Christopher Biggins has managed to bag some of the nation’s favourite TV characters over the years: Lukewarm in Porridge and Nero in I, Claudius, to name but two. Yet there’s a good chance he wouldn’t have had a career at all if it hadn’t been for his Aunty Vi. She was ‘the most terrible snob’, he tells me. The family accent (a mishmash of northern and broad Wiltshire) troubled her, so she sent the young Biggins off for elocution lessons. His teacher was also into theatre, and saw he had potential. Her encouragement and the new accent saw him start in rep on £2 a week. He left school at 16, bitten by the bug. Fifty-five years later he’s still busy, still bitten.
It’s that time of year when Biggins comes to the fore as one of the grand dames of British pantomime. He was just 26 when he got his first role as Mother Goose at Darlington’s Civic Theatre. At the time he felt insulted — every other pantomime dame seemed ancient. But the producer saw something in him. What the young Biggins saw was big money (£1,000 a week in 1974), but as time has gone on he’s come to love pantomime. Now, he’s its loudest cheerleader.
Why does he think it’s such a national obsession? ‘It’s pure family entertainment. I have looked out into the front row and seen a woman breastfeeding her baby, next to grandmother. In the old days actors used to look down their noses at pantomime. It was “Oh God, not pantomime!” But as an actor it is fantastic. Twelve shows a week, the audience laughing. It lifts you to another planet.’
He’s had some of his best times in panto. ‘I was in Brighton co-starring with Irene Handl. She was mad as a hatter. She had a habit of barging on stage carrying her dog when it wasn’t her scene. She’d hand me the dog and then walk off. We called these her mirage moments. Now you see her, now you don’t.’
I ask Biggins what his favourite dame role is. It’s Mother Goose, the character that was around in the early days of panto in the 18th century — an imported French children’s story. ‘Mother Goose is the Hamlet of all dames. It is all about her and her vanity. She is a tragic heroine. It’s a great shame that there are very few Mother Goose pantos put on these days. Directors say that it isn’t popular enough, but I love the character. I once played her in Swansea when she died at the end of the first act and was carried off to heaven by a 40ft-wingspan goose to the tune of “We’ll Keep a Welcome in the Hillside”. She was resurrected in the second act. There wasn’t a dry eye in the house.’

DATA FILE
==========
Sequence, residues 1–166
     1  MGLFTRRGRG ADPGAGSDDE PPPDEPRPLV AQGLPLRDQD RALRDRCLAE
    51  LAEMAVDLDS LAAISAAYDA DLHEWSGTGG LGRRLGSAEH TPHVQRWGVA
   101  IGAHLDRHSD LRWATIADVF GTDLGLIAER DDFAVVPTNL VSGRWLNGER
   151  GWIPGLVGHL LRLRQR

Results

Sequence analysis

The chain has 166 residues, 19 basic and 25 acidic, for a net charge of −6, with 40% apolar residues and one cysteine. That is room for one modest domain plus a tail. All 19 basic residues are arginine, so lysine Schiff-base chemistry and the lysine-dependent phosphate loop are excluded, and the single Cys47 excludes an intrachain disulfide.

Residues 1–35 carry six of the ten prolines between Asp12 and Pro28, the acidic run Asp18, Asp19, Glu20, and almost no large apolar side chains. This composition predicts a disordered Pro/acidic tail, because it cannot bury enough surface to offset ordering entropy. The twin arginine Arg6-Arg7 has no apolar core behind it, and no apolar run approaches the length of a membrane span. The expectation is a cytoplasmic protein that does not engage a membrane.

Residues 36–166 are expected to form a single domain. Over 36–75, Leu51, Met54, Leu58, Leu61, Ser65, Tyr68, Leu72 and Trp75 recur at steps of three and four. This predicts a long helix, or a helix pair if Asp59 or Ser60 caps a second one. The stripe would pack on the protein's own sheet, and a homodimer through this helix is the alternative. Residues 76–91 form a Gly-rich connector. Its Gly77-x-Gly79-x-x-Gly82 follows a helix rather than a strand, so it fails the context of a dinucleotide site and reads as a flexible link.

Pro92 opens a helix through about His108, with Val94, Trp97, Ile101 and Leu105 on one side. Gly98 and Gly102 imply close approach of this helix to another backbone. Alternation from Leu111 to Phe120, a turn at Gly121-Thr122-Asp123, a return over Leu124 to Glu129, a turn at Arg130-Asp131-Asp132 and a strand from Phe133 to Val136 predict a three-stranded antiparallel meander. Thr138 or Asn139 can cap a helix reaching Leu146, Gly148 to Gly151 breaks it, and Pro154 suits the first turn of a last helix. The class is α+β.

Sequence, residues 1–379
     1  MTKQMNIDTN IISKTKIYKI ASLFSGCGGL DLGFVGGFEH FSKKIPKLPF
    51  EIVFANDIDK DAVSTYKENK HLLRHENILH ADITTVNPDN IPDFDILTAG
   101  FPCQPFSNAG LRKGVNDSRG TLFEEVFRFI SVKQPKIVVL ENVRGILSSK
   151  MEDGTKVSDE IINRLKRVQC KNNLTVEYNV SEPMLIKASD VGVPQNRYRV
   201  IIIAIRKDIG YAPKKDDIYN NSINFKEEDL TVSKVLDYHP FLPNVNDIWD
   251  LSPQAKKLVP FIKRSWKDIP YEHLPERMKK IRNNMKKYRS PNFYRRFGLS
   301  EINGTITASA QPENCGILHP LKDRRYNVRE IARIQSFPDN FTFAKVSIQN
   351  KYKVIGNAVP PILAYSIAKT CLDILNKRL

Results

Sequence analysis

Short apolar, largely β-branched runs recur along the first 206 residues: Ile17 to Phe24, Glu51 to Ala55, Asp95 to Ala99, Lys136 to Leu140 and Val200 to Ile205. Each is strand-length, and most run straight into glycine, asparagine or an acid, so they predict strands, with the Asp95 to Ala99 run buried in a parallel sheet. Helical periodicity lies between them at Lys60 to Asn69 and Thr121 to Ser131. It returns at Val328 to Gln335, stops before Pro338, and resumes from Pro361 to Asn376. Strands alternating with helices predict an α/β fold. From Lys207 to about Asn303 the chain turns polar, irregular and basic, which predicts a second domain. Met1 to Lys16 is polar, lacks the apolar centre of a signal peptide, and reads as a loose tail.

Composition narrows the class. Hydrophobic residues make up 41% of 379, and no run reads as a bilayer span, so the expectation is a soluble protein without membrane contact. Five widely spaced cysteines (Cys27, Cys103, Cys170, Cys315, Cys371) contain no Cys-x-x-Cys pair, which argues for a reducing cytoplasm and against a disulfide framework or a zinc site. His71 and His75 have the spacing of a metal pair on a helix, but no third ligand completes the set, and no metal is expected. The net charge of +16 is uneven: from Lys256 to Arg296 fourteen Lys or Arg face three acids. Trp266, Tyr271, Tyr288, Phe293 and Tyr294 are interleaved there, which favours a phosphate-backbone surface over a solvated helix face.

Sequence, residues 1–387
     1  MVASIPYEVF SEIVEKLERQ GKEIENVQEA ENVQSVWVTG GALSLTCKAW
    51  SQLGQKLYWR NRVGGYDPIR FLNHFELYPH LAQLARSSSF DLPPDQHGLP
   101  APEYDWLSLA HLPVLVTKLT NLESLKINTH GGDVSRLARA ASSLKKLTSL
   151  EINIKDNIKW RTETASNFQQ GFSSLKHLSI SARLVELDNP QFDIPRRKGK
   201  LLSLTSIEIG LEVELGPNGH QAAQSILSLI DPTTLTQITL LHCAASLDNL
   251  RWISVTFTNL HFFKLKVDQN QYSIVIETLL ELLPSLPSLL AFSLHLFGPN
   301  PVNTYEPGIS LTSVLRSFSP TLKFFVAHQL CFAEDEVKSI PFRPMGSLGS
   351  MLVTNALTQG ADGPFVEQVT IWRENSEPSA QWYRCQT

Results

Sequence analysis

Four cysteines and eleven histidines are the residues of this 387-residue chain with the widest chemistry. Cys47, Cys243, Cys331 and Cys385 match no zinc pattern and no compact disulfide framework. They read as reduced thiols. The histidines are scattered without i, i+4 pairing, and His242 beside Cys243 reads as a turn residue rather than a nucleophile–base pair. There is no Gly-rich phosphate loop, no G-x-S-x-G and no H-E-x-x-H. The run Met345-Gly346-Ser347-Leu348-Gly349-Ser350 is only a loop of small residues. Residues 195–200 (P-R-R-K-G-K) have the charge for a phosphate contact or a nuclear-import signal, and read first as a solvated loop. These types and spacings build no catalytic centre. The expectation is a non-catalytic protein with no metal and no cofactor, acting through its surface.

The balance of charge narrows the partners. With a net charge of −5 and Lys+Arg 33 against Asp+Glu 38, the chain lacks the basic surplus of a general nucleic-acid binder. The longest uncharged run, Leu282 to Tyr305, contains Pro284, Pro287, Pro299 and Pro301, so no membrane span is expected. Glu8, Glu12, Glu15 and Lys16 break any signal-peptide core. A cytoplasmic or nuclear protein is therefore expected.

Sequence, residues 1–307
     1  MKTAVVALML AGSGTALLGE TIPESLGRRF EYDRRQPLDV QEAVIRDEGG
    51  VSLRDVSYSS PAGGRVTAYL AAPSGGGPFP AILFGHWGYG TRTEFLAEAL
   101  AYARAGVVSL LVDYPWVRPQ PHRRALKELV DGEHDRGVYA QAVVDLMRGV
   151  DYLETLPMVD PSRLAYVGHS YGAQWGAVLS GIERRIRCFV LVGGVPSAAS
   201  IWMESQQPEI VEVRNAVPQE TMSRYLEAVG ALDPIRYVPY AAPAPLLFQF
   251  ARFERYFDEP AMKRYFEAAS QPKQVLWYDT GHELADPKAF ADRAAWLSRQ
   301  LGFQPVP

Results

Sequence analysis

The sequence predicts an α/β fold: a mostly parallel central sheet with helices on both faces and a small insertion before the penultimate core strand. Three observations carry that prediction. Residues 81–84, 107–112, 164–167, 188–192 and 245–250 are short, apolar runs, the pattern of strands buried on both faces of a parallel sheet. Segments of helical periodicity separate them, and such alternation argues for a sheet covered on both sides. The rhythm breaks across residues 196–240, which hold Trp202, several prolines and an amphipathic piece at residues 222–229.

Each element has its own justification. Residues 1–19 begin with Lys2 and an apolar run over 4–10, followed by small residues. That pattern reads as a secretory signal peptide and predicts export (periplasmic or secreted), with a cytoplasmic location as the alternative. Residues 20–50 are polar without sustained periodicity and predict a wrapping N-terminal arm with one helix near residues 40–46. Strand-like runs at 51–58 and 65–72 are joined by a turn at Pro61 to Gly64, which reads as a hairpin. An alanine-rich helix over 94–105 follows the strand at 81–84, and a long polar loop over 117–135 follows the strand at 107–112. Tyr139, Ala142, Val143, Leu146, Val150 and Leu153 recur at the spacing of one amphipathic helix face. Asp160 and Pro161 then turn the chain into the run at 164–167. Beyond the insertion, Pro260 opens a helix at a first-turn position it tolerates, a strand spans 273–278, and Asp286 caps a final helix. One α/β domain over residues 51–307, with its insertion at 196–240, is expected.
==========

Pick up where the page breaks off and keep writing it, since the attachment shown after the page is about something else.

If Biggins sounds evangelistic about panto, that’s because he is. He’s even persuaded his friend Joan Collins to have a crack at it. ‘I think her ears pricked up when I told her how much people could earn. Joan was good at it, though. You either are panto, or you aren’t.’
He believes that panto is an art form, and who could challenge that? It is, perhaps, best described as a kind of folk art as it brings in audiences who may never have been to the theatre before. It also accounts for a disproportionately large slab of most theatres’ earnings. It is certainly hard work for the actors and takes a lot of energy, what with all those shows every week, numerous costume changes and roles that are often very physically demanding.
‘The hardest show is Boxing Day. People have eaten too much and they kind of slump into their seats demanding to be entertained. It is daunting.’
It surprises me to discover that Biggins considers his career highlight to be winning I’m a Celebrity… Get Me Out of Here more than a decade ago. People still congratulate him on his victory, which he describes as ‘an honour’. Although he also still has nightmares about eating kangaroo testicles.
‘It meant so much that people voted for me. To find you have the public behind you is really something and really continues to be something I am so happy about.’
I ask him if the resurgence of interest in drag has made the pantomime dame more popular. But for him, the skirts and the female clothes are props there to help get a laugh, that’s all. Being the dame is about acting. What the dame does isn’t drag, it’s a kind of pure comedy. He tells me that he doesn’t even have his costumes in his dressing room with him. He just has a comfortable chair, a foldaway bed for a mid-show snooze, a TV and a small stove for his M&S lunches. Who needs the glamour of a few frocks?
‘Interestingly, drag queens don’t make good pantomime dames. They are much better at being the Ugly Sisters — they have a wonderful danger about them. I’m too pretty, of course, to play an Ugly Sister.’
As well as playing the dame, Biggins has made a career out of playing vicars, although most of them are nasty ones —including a very juicy sex-crazed cleric in Poldark. I ask him if he has any tips for me — a real vicar. ‘I love vicars. I wanted to be a vicar when I was younger. I don’t think that I can really give you any tips. The best vicars bring people joy and hope and that’s something quite wonderful.’
Christmas is a special time for vicars and pantomime dames. We have quite a lot in common — we wear dresses, we are very busy during the period and we are part of a landscape that brings a little hope and joy. That can’t be bad, can it?
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